Congrats, oh buggy one. :D

P
 

dr barb

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Originally posted by quideam
LOL.... thanks guys, but i'm a girl!!!! :D :D :D

I appreciate the "help" though :)

- Quid

Well that changes everything!!!:clap:
The ratio of men to women at USUHS is like 3 to 1. The only trouble you're going to have is narrowing the selection down to just one.

Good luck in your quest!;)

Oh, and BTW, good luck with the whole USUHS/military/doc thing too!
 

quideam

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Congrats on getting into the Navy, buglady! My heart lies with the Army, but hey, we're all on the same side ;)

Thanks guys for all the replies; I do feel somewhat better. It's a whole big mess right now - I really want to go to USUHS (it's been my dream ever since I decided to be pre-med), but my boyfriend isn't willing to move - EVER. We've been together for about a year, and it's fairly serious, so now it's coming down to him or military surgeon. Well, I guess only time will tell... I have to wait and see how things go with interviews and such.

Thanks again for everyone's advice and comforting comments; this whole process is so nerveracking, and it doesn't make it any easier to have love involved in the mix of things...

- Quid :)
 

buglady

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Originally posted by Ophtho_MudPhud
Congrats Buglady! Navy is the best way to go. :)

THANKS...my dad was a Marine, older brother a Marine, other brother in the Naval Corp of Civilian Engineers...and now add me to the list for the MC! The Navy was definitely the way to go for me.... :cool:

I now have my cool framed certificate saying I'm an Ensign in the United States Navy...it's official, the government owns me :D !
 

Andrew_Doan

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Originally posted by buglady
THANKS...my dad was a Marine, older brother a Marine, other brother in the Naval Corp of Civilian Engineers...and now add me to the list for the MC! The Navy was definitely the way to go for me.... :cool:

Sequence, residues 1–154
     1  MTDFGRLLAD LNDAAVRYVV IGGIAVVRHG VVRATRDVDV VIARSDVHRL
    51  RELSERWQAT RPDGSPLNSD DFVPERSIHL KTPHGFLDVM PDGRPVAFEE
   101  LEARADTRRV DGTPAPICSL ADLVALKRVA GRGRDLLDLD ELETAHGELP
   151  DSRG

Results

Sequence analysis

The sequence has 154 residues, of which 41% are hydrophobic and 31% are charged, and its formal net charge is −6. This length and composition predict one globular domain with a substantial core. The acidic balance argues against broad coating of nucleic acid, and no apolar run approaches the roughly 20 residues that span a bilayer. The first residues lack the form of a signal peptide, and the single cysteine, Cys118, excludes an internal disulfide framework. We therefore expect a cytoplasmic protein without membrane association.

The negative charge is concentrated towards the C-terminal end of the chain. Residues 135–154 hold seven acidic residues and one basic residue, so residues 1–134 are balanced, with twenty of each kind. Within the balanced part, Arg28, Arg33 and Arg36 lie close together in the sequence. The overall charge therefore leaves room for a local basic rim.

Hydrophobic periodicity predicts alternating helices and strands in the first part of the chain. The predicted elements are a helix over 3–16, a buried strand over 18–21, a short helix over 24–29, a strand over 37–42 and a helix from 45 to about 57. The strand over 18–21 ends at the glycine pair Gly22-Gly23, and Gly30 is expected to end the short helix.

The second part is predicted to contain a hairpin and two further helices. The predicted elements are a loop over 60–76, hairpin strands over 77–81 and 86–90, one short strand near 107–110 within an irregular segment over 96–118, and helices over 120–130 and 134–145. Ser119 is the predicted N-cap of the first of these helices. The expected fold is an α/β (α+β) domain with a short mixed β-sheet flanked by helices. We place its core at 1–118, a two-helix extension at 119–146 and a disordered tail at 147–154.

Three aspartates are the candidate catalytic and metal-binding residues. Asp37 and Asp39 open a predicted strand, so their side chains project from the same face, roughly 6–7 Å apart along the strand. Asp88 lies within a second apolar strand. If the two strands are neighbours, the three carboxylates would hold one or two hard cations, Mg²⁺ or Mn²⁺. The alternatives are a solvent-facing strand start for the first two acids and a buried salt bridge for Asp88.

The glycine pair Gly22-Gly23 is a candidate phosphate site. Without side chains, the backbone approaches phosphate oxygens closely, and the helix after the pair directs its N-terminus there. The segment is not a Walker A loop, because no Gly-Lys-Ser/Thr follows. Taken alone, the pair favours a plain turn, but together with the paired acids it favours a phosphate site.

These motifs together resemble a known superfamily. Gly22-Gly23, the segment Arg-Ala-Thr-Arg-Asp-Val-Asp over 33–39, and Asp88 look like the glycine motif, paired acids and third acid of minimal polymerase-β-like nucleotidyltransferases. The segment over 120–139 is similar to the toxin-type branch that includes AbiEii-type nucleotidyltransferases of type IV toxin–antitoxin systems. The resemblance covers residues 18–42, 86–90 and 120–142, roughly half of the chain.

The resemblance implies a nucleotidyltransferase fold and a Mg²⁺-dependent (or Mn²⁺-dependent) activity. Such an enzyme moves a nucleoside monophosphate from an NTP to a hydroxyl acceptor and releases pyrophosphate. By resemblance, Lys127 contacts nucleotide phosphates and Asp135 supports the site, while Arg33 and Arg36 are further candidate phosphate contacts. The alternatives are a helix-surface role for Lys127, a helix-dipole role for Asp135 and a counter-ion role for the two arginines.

I now have my cool framed certificate saying I'm an Ensign in the United States Navy...it's official, the government owns me :D !

I was commissioned last year as a LT for the Navy for the FAP. I'm super proud too. Perhaps our paths will cross one day. Good luck! :)
 

Andrew_Doan

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Originally posted by quideam
Congrats on getting into the Navy, buglady! My heart lies with the Army, but hey, we're all on the same side ;)

Thanks guys for all the replies; I do feel somewhat better. It's a whole big mess right now - I really want to go to USUHS (it's been my dream ever since I decided to be pre-med), but my boyfriend isn't willing to move - EVER. We've been together for about a year, and it's fairly serious, so now it's coming down to him or military surgeon. Well, I guess only time will tell... I have to wait and see how things go with interviews and such.

Thanks again for everyone's advice and comforting comments; this whole process is so nerveracking, and it doesn't make it any easier to have love involved in the mix of things...

- Quid :)

Quid,

Don't hold your life back for a guy unless he's asked you to marry him. When I applied to medical school, I severed my commitments because I was moving away. Several years later, I ended up marrying the woman that I left behind. If it's meant to happen, then it will.
 

Caffeinated

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Quid,

I will second what Andrew said: no ring, no strings. Until this guy is ready to get hitched, you shouldn't make your plans assuming this guy thinks you are the one. Imagine how bad you will feel if you don't go to USUHS, and this guy cuts you loose. If your boyfriend is as dead set against moving as you indicate, then this could be a sign of future problems (i.e., inability to compromise). If you do get hitched, but you don't follow your dream as a military surgeon, you may start to resent him. If you are passionate about this, you will always wonder if you could have done it. Of course, it is also possible that this guy doesn't see you in his future, and his unwillingness to compromise or support you in this endeavor is a passive way to start cutting you loose.

Of course, I don't know either of you, so all of my speculation is worth what you paid for it. But if you do end up at USUHS, Operation Quid Match will start immediately.

Best of Luck!
Caff

Originally posted by quideam
Congrats on getting into the Navy, buglady! My heart lies with the Army, but hey, we're all on the same side ;)

Thanks guys for all the replies; I do feel somewhat better. It's a whole big mess right now - I really want to go to USUHS (it's been my dream ever since I decided to be pre-med), but my boyfriend isn't willing to move - EVER. We've been together for about a year, and it's fairly serious, so now it's coming down to him or military surgeon. Well, I guess only time will tell... I have to wait and see how things go with interviews and such.

Thanks again for everyone's advice and comforting comments; this whole process is so nerveracking, and it doesn't make it any easier to have love involved in the mix of things...

- Quid :)